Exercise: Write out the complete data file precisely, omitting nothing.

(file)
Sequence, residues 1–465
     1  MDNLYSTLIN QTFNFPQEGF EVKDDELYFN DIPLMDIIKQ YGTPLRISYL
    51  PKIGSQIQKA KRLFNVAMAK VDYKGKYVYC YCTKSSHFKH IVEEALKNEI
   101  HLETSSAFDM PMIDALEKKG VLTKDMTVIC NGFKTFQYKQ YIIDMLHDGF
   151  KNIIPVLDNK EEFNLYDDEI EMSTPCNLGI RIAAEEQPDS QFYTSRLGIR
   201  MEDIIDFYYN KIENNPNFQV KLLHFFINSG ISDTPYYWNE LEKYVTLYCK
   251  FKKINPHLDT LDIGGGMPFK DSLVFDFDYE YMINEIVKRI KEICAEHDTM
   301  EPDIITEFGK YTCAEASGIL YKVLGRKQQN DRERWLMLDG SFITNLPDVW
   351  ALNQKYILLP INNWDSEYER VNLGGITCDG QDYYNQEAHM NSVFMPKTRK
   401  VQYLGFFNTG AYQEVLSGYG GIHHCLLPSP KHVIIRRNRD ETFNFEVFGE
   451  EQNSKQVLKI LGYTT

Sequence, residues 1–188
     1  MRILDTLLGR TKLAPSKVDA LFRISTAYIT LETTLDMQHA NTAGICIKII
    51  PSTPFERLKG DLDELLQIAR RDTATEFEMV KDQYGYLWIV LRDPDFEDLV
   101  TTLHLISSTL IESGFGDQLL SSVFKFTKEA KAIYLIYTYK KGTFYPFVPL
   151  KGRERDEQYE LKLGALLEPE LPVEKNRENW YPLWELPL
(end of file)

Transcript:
Sequence, residues 1–465
     1  MDNLYSTLIN QTFNFPQEGF EVKDDELYFN DIPLMDIIKQ YGTPLRISYL
    51  PKIGSQIQKA KRLFNVAMAK VDYKGKYVYC YCTKSSHFKH IVEEALKNEI
   101  HLETSSAFDM PMIDALEKKG VLTKDMTVIC NGFKTFQYKQ YIIDMLHDGF
   151  KNIIPVLDNK EEFNLYDDEI EMSTPCNLGI RIAAEEQPDS QFYTSRLGIR
   201  MEDIIDFYYN KIENNPNFQV KLLHFFINSG ISDTPYYWNE LEKYVTLYCK
   251  FKKINPHLDT LDIGGGMPFK DSLVFDFDYE YMINEIVKRI KEICAEHDTM
   301  EPDIITEFGK YTCAEASGIL YKVLGRKQQN DRERWLMLDG SFITNLPDVW
   351  ALNQKYILLP INNWDSEYER VNLGGITCDG QDYYNQEAHM NSVFMPKTRK
   401  VQYLGFFNTG AYQEVLSGYG GIHHCLLPSP KHVIIRRNRD ETFNFEVFGE
   451  EQNSKQVLKI LGYTT

Sequence, residues 1–188
     1  MRILDTLLGR TKLAPSKVDA LFRISTAYIT LETTLDMQHA NTAGICIKII
    51  PSTPFERLKG DLDELLQIAR RDTATEFEMV KDQYGYLWIV LRDPDFEDLV
   101  TTLHLISSTL IESGFGDQLL SSVFKFTKEA KAIYLIYTYK KGTFYPFVPL
   151  KGRERDEQYE LKLGALLEPE LPVEKNRENW YPLWELPL